Opinion

Jean-Pierre Rives, The French Legend Of Rugby

Jean-Pierre Rives is a legendary figure in French rugby, standing head and shoulders above most of his countrymen as one of the real cult heroes of European rugby. I am
01 Nov 2015 10:30
Jean-Pierre Rives, The French Legend Of Rugby
Jean Pierre RIVES - Rugby - France / Galles - 1979 - Archives - largeur attitude

Jean-Pierre Rives is a legendary figure in French rugby, standing head and shoulders above most of his countrymen as one of the real cult heroes of European rugby.

I am sure a lot of the readers would not recognise this name in our part of the world but in the Northern hemisphere and especially in Europe, Jean-Pierre Rives’ name still brings chills to those who witnessed his hard, courageous and uncompromising style of rugby.

Born on December 31, 1952 in Toulouse, France, his father was a pilot and an avid tennis player, and he encouraged his son, who excelled in athletics at an early age, to pursue tennis, but it was rugby that would consume Jean-Pierre Rives.

Rives began playing rugby for his hometown club in 1974, but was told by selectors that he was too small to play his favourite position of flanker as his height about of five feet nine inches and weighing around 85 kilos would be too small for such a physical position on the field.

This only fuelled Rives’ desire to succeed and by the following year in 1975, after an outstanding season, the selectors had no choice but to include the young 22-year-old blonde in the French national side.

This was the beginning of a legendary career that took him to the top of the rugby world. By the time he was 26, Jean-Pierre Rives was caption of the French side and he would always be found with blood splattered across his face and in the thick of things as he heroically battled his way upfield for his beloved country.

He was dubbed the golden helmet by commentators because of his long and wild blond hair which cascaded over his face during matches.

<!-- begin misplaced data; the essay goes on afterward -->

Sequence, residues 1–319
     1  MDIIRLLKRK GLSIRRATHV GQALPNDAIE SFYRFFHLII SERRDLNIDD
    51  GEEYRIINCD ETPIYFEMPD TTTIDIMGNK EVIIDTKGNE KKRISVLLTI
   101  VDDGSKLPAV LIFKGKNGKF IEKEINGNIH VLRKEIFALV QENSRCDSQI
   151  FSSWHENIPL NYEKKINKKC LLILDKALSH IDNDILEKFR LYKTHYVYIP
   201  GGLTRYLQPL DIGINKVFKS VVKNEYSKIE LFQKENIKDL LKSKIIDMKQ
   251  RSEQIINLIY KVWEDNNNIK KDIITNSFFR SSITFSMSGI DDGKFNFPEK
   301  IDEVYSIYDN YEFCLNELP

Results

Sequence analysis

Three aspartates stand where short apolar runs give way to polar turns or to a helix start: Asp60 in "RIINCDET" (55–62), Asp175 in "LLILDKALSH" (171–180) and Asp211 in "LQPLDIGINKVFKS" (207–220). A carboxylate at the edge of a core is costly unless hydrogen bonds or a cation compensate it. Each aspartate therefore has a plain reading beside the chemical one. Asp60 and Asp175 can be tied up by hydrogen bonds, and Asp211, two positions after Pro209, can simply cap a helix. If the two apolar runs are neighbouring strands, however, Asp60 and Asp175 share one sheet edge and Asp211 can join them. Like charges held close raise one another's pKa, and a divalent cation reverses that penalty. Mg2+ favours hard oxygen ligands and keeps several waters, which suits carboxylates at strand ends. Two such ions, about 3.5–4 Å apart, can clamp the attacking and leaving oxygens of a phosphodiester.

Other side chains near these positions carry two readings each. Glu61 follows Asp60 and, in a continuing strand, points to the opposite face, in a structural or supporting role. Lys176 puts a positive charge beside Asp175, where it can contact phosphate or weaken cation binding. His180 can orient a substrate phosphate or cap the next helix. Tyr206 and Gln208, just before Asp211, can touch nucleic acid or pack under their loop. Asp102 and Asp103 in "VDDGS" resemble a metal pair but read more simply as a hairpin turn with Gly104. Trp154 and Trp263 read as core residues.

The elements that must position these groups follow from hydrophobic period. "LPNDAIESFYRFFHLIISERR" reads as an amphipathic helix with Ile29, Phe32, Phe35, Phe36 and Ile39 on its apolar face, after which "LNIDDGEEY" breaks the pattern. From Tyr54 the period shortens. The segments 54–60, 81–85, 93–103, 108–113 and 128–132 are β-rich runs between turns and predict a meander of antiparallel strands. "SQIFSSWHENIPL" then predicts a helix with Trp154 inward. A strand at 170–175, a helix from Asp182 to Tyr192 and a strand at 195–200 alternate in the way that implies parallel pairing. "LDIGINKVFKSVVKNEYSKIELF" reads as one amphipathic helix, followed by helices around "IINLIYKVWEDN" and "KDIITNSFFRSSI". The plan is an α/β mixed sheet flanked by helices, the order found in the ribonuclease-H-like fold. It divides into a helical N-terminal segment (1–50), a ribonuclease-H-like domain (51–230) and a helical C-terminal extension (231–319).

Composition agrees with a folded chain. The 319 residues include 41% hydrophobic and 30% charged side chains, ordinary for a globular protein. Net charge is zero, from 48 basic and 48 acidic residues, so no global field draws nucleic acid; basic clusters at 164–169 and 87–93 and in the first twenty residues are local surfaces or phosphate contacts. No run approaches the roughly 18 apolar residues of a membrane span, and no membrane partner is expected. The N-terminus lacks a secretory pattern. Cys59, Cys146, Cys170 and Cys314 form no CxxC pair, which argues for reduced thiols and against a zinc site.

Rives played a total of 59 tests for France and captained the team in 34 of those games; this was a world record at that time. He also captained the first French side to beat the All Blacks in New Zealand and was elected France’s Player of the Year in 1977, 1979 and 1981.

Rives’ rugby career ended after a succession of shoulder injuries in 1984. His final match for France came in that year’s Five Nations Championship against Scotland.

Famous Hollywood actor Hugh Jackman summed it up perfectly when he said of Jean-Pierre Rives, “I was pretty obsessed with rugby player Jean-Pierre Rives. He was a small French guy on the field, but he was as tough as nails and he finished every game with blood on his face.”

Once Rives’ rugby career ended he went on to become a prolific artist and is renowned for his sculpture work in the art world, his works can be found in various parts of the world and are sought after for public and private viewing.

He has a been given many awards and medals from the French Government for his outstanding contribution to sport and even had a massive 272,000 square feet Sports Complex named after him in Paris.

Shunning the big cities and preferring the quiet life Jean-Pierre is married and has two sons, Jasper and Kino-Jean.

He now lives in the South of France where he and his family live in a wooden home that resembles a tree house. The property is positioned near a local golf course and includes a vast garden, with a bamboo grove, mimosa bushes, and lemon and fig trees.

Jean-Pierre Rives has transformed himself from the raging and uncontrollable rugby force that we may never see again on the field, to a calm and tranquil soul who loves nature and solitude where he can paint and sculpt in peace.

 The writer is a Fiji Sun columnist.

Feedbackajay@carvingdream.com

 

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